Earlier this week, AT&T canceled Galaxy Fold preorders in the US, joining Samsung and Best Buy which did the same thing a few weeks earlier. The move signaled that Samsung is nowhere near ready to relaunch the handset. The Galaxy Fold suffered from a few manufacturing issues that killed the display, and Samsung had to postpone the launch and deploy fixes that would prevent the screen issues. But there’s an unexpected side-effect that’s beneficial to Samsung, the best looking foldable phone of the year was delayed to September because of what happened to the Galaxy Fold so far.
Early reviewers who got to test the Galaxy Fold before the initial April 26th launch found themselves working with a dead screen. Debris entering the handset through the hinge may have been responsible for the issue. In other cases, reviewers willingly ignored warnings and removed the outer screen layer which looked a lot like a screen protector. Samsung has fixed these issues since they were first revealed, and reports say the vendor is already testing them, but Samsung is still not ready to announce a new release date for the Galaxy Fold.
A few days ago, we told you that the Huawei Mate X is about to launch in China, with Huawei already posting 5G speed test results on social media. But the Chinese smartphone maker has postponed the launch to September, CNBC reports.
Huawei has more significant headaches to deal with than the Mate X’s launch for the moment, but it’s not Trump’s ban that’s responsible for the Mate X’s delayed launch.
Huawei wants to perform extra tests on its foldable design, which stole the show at MWC 2019 in February before it’s ready to launch it.
A spokesperson told CNBC that Huawei is focusing on markets that are rolling out 5G networks, but these markets will have to wait. Extra testing with mobile carriers around the world are in the works, as well as tests with developers.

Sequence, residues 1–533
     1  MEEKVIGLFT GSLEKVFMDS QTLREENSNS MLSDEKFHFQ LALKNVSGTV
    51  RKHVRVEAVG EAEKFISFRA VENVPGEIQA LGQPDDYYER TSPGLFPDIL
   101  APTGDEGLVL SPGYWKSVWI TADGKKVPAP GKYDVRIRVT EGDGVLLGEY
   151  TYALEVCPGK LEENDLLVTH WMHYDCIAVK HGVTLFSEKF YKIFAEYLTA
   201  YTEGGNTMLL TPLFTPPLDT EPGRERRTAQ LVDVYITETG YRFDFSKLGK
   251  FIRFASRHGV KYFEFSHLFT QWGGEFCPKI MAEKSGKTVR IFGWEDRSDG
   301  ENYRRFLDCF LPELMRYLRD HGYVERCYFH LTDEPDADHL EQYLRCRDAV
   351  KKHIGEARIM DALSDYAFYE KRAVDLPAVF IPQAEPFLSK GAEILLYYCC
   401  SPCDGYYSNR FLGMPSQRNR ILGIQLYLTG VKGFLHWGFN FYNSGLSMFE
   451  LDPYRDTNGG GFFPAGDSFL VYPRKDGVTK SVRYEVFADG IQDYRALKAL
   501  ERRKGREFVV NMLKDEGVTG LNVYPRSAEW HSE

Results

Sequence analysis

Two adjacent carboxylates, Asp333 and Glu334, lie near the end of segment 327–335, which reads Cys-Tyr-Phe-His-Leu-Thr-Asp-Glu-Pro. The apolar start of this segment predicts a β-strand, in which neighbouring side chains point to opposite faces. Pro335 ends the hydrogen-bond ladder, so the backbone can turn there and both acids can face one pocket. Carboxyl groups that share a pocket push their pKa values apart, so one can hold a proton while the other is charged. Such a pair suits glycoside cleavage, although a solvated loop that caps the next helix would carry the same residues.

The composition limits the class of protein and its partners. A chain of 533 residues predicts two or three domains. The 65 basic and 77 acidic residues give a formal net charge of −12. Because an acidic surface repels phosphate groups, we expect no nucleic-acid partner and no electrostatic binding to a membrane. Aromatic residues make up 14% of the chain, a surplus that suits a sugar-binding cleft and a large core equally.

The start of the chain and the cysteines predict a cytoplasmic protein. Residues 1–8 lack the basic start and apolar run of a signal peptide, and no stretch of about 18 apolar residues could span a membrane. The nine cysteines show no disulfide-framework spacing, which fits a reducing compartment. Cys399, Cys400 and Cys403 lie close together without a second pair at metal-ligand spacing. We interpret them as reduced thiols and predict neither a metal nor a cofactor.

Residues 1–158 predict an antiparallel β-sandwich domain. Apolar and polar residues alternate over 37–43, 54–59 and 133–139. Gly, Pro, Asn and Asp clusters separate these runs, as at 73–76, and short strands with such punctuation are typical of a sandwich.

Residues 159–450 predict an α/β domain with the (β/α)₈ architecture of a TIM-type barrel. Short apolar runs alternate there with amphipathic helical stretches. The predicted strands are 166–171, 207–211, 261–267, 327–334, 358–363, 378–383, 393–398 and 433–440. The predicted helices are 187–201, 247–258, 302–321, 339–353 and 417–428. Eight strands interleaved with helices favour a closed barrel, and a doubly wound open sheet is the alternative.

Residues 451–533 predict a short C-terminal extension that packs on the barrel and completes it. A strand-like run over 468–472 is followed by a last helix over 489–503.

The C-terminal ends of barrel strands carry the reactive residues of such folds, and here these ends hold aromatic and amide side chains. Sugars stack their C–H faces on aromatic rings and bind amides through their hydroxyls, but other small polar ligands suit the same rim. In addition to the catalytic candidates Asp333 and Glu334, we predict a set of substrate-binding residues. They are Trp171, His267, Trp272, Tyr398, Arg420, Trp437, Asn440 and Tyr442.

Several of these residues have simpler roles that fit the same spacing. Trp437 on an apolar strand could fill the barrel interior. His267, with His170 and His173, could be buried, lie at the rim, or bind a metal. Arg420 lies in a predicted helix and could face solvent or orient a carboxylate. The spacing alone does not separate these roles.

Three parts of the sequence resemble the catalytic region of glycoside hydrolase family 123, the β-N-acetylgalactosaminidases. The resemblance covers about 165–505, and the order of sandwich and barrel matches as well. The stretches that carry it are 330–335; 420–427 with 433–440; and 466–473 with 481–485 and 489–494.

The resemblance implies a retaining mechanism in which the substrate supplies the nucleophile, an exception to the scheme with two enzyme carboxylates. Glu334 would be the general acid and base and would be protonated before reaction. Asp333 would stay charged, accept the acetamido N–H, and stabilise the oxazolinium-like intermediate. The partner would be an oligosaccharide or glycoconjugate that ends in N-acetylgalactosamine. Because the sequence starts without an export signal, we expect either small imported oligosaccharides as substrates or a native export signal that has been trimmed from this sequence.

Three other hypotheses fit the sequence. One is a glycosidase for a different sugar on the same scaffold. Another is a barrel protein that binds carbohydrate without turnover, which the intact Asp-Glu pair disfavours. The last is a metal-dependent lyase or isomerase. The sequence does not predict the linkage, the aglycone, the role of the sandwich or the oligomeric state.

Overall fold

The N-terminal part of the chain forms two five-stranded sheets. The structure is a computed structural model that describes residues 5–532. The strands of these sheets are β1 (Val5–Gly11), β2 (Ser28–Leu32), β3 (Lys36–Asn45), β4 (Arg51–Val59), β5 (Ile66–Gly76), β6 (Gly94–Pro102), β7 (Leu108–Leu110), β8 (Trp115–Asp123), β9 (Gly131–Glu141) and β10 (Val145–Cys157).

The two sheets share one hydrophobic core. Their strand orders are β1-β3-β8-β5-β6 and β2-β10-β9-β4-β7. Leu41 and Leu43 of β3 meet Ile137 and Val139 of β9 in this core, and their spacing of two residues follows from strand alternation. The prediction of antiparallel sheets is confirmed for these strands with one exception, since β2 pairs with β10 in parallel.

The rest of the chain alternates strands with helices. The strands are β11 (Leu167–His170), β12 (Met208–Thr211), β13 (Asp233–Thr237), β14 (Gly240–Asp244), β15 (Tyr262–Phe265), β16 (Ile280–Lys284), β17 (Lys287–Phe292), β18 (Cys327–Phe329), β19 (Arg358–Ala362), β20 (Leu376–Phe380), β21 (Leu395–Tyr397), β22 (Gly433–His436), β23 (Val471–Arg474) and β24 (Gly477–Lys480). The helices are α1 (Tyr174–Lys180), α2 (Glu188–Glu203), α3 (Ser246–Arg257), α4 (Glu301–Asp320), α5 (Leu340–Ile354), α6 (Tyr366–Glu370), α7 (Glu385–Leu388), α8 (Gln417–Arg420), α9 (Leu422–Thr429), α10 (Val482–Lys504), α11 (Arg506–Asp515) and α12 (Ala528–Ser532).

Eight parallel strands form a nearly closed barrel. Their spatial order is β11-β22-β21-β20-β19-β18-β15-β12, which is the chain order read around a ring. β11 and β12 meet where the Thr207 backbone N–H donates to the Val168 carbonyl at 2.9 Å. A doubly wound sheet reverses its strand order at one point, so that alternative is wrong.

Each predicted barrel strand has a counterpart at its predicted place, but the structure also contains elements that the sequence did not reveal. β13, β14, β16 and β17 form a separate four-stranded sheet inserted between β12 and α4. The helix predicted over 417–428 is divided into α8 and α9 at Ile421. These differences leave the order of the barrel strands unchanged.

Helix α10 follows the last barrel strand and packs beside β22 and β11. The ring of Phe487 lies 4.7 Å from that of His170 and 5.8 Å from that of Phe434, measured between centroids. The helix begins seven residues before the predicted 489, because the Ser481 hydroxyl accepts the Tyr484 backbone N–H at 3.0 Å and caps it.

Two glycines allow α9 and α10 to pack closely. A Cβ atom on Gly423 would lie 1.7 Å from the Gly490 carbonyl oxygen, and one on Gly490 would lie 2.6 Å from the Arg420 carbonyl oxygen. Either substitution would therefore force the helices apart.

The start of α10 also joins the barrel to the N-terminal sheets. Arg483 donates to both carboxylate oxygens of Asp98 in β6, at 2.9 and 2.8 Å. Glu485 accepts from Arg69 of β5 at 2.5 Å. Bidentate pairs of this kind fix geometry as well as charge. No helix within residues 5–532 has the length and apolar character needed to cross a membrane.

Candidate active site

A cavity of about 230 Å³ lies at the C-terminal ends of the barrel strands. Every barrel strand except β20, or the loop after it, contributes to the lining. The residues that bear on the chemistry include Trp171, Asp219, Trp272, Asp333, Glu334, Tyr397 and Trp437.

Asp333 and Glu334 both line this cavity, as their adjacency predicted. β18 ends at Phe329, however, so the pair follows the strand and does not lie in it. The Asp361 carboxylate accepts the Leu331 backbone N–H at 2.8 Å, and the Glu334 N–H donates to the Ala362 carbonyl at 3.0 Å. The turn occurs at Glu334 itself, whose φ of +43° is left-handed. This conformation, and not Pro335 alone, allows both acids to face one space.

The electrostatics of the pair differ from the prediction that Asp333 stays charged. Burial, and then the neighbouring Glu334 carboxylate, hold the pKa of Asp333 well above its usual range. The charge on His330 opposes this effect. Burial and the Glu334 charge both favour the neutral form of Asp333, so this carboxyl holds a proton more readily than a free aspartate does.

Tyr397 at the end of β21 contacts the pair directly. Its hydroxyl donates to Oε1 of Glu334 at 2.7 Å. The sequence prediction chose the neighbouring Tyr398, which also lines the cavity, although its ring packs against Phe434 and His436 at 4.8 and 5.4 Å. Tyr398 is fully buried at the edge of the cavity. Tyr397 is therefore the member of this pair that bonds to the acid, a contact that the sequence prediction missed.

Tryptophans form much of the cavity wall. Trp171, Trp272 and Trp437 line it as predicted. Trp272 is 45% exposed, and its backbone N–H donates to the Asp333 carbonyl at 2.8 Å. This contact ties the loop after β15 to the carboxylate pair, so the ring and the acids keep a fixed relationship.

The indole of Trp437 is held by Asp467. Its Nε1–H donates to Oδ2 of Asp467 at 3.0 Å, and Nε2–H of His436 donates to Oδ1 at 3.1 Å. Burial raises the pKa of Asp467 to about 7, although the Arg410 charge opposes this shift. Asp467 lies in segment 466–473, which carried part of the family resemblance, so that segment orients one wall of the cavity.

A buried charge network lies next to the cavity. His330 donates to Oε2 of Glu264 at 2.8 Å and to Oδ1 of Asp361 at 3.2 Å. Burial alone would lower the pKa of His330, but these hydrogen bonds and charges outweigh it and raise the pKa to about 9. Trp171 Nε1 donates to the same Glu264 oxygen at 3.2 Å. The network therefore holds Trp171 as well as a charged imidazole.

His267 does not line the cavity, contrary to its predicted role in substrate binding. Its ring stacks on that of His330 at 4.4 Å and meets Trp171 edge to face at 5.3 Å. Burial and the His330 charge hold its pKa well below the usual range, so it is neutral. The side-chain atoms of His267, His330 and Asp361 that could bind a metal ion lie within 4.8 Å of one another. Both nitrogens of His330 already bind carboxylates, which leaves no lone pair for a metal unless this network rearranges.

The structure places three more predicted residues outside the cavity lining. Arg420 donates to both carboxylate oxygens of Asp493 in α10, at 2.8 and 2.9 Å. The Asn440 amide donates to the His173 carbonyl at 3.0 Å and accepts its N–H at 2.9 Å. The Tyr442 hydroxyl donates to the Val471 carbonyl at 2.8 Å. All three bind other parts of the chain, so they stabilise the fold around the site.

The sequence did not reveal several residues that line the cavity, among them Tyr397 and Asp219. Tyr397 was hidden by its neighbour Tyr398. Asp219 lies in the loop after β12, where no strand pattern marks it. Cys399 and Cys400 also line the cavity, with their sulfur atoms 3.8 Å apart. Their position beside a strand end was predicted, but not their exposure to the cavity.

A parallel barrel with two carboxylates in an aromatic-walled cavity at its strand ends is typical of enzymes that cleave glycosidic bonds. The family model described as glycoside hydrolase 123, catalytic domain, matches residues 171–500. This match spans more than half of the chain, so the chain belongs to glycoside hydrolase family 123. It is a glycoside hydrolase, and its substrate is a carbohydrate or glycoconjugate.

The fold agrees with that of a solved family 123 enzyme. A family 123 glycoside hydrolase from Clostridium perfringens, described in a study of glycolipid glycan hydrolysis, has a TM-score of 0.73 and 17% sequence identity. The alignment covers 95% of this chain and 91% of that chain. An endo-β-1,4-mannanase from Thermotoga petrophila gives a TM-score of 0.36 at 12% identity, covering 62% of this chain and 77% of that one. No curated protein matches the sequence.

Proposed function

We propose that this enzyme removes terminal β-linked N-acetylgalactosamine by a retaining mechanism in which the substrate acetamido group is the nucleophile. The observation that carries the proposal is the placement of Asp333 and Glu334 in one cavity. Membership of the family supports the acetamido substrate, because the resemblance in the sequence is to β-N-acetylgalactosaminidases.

It appears that Huawei’ is more “cautious” because of what happened with the Galaxy Fold. “We don’t want to launch a product to destroy our reputation,” the person told CNBC.
Huawei is “confident” it can deliver the Mate X to consumers in spite of the ban, with the spokesperson adding that the handset will run Google’s version of Android because the phone launched before Huawei was placed on the US’s Entity List.
The spokesperson also said that Huawei very much wants to continue using Google’s Android on its devices, but it’s also ready to do its own thing. “We don’t want to go for our own systems; we still very much like the co-operation with Google in the past few years,” the person said. “If we are forced to do it by ourselves, we are ready. We can do in the next six-to-nine months.”
Delayed launches for the Galaxy Fold and Mate X, which retail for $1,980 and $2,600, respectively, will not benefit either Samsung or Huawei. The longer it takes for these devices to hit the market, the more robust the competition will get. Devices like the Galaxy Note 10, iPhone 11, and Pixel 4 will hit markets in August, September, and October, respectively — of these, the newest iPhone is easily the most significant threat.